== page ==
In 1998, his first season with his hometown New York Jets, Testaverde flourished, completing 61.5% of his passes with 29 touchdowns, seven interceptions, and a 101.6 quarterback rating, making the Pro Bowl for the second time.
In a December game against the Seattle Seahawks, Testaverde was involved in a play that was cited as an impetus for the NFL's adoption of a new instant replay review system the next season. With the Jets trailing 31–26 and twenty seconds left in the game, Testaverde attempted to score on a quarterback sneak on fourth and goal from the Seattle five-yard line. Testaverde had been tackled and the ball was not across the goal line when this happened, but because Testaverde's helmet had crossed the line the game's head linesman, Earnie Frantz, ruled the play a touchdown. The Jets won the game 32–31 and the loss was said to have cost the Seahawks a playoff berth and coach Dennis Erickson his job. The game's referee, Phil Luckett, drew criticism for the call although he was not the one who made it.
In spite of the controversy, Testaverde's 1998 season was arguably his best season in the NFL. With him under center, the Jets won the AFC East for the first time since the merger and earned a first-round bye and a home playoff game. In the AFC Championship Game that year, they lost to the eventual Super Bowl champion Denver Broncos.
The Jets had Super Bowl aspirations entering the 1999 season. However, in the first game of the season, against the New England Patriots, Testaverde suffered a ruptured Achilles tendon and did not play the rest of the season.
In 2000, however, Testaverde returned as the Jets quarterback. The highlight of the season was the "Monday Night Miracle" game against the Miami Dolphins on October 23, 2000, selected by fans as the greatest game in Monday Night Football history. In that game, the Jets fell behind 30–7 going into the fourth quarter, but came back to win the game, 40–37 behind five touchdown passes from Testaverde, including one each to Laveranues Coles, Jermaine Wiggins, Jumbo Elliott, and two to Wayne Chrebet.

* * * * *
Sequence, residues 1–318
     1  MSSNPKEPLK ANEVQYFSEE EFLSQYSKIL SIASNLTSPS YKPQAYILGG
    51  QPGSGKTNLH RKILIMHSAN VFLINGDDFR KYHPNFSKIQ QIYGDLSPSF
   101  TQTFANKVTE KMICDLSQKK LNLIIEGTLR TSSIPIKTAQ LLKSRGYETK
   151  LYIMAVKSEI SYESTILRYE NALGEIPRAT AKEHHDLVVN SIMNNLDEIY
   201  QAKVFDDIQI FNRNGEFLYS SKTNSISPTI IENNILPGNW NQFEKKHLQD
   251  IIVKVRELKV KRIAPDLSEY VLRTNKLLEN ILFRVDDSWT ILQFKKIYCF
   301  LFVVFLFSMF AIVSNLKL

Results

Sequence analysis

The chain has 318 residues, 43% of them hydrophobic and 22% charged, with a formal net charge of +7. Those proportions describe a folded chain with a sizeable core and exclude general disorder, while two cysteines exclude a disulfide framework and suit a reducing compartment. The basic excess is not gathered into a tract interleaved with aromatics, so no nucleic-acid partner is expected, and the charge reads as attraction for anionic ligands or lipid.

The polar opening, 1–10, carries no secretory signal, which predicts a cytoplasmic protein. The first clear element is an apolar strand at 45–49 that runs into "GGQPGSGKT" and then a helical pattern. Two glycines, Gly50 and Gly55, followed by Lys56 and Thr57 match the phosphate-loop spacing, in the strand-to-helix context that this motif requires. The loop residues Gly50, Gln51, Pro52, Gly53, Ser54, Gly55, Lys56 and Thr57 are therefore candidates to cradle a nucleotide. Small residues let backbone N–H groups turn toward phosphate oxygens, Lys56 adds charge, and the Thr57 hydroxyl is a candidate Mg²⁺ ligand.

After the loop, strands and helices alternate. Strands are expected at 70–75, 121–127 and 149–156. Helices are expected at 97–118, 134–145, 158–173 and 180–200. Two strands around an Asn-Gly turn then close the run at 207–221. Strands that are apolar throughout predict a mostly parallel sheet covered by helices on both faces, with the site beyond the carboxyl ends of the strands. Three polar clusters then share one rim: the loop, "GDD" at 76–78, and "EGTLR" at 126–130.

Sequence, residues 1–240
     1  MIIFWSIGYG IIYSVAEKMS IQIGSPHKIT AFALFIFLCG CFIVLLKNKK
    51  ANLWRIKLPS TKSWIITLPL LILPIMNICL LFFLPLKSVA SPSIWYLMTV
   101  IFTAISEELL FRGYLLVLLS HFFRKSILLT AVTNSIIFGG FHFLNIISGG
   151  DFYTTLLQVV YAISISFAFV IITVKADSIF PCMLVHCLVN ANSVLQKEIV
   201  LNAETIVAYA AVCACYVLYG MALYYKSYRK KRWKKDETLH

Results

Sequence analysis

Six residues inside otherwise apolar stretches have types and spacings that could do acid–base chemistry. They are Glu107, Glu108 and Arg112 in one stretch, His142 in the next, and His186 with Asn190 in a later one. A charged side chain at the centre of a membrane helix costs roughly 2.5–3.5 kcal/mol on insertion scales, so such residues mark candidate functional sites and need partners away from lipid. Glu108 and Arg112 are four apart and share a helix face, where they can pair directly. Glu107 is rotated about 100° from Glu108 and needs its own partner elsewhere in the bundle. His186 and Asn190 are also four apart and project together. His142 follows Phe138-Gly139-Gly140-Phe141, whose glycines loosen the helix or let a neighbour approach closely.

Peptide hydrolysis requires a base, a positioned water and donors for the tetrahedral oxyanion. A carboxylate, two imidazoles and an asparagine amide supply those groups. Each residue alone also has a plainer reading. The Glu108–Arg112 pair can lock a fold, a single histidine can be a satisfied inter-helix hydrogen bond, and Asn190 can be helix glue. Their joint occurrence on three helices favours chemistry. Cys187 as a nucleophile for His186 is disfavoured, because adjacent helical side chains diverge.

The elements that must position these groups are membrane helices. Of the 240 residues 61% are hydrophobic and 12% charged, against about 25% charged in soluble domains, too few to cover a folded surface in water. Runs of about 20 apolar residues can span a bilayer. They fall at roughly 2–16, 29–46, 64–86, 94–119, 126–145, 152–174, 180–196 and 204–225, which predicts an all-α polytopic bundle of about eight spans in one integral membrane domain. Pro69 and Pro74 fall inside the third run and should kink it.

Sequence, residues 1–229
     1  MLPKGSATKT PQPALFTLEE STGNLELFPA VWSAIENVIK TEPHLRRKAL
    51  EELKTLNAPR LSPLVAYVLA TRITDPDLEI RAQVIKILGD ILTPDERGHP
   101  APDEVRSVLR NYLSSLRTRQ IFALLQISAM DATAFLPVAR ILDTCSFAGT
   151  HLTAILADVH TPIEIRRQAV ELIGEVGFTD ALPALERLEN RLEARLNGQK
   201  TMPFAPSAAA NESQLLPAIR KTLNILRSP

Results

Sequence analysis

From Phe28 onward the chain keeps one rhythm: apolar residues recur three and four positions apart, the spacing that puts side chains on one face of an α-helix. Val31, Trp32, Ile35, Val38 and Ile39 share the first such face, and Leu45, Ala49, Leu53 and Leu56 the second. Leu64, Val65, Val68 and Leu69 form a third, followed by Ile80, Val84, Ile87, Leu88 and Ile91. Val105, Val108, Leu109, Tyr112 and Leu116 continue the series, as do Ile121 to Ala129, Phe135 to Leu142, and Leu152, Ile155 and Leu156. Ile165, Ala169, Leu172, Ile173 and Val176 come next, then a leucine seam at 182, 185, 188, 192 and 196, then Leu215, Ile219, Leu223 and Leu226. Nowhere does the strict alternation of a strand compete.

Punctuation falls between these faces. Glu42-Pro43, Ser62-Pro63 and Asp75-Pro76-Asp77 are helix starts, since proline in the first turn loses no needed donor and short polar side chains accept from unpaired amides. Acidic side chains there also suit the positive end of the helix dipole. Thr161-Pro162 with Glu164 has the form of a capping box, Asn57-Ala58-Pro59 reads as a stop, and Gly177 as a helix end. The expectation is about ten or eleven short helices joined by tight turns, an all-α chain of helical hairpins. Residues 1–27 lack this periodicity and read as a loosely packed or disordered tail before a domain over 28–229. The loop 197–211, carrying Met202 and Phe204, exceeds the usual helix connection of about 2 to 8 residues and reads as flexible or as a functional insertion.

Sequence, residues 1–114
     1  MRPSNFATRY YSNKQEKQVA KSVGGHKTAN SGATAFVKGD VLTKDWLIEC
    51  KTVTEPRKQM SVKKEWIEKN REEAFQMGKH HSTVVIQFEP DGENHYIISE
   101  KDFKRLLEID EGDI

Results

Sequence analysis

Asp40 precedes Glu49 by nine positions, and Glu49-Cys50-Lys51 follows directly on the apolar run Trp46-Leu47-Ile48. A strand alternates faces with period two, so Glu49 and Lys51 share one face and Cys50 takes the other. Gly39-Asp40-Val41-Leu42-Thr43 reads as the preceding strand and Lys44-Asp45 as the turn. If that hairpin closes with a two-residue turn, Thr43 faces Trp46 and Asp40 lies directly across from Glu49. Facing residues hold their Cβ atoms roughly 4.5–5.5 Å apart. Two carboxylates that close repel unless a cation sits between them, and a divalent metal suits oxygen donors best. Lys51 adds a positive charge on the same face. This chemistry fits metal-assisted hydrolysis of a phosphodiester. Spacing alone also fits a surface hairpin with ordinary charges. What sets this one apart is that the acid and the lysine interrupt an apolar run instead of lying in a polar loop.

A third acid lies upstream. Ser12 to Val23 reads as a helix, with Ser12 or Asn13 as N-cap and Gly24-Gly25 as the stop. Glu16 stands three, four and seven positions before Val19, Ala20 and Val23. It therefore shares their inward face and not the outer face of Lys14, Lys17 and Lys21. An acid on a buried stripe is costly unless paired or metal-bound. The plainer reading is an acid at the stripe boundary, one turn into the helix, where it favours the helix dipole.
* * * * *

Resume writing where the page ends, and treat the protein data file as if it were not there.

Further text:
In 2001, Testaverde led the Jets back to the playoffs, where they lost in the first round to the Oakland Raiders. In 2002, he was replaced after a 1–3 start by Chad Pennington. He made cameo appearances to take the last snap in both the playoff-clinching game versus the Green Bay Packers and the 41–0 playoff win against the Indianapolis Colts. In 2003, he was assigned to a backup role behind Pennington, although he started the first six games due to Pennington's left wrist injury.
Despite his injuries, Testaverde's performance with the Jets endeared him to head coach Bill Parcells, who retired from coaching in 1999. One year after Parcells was lured out of retirement by Dallas Cowboys owner Jerry Jones, he brought Testaverde to the Cowboys in 2004.
Testaverde initially was signed to be a backup and mentor to young Cowboys quarterback Quincy Carter, but after Carter was abruptly cut by the Cowboys for allegedly failing a drug test, Testaverde was given the starting quarterback job. While many questioned his ability to still play in the NFL, the protection schemes and play-calling allowed him to showcase his arm, although with mixed results. He was able to throw for significant yardage, but led the league in interceptions, getting picked off on 4% of his passes. Dallas finished the 2004 season 6-10, tied for third and last place in the NFC East division.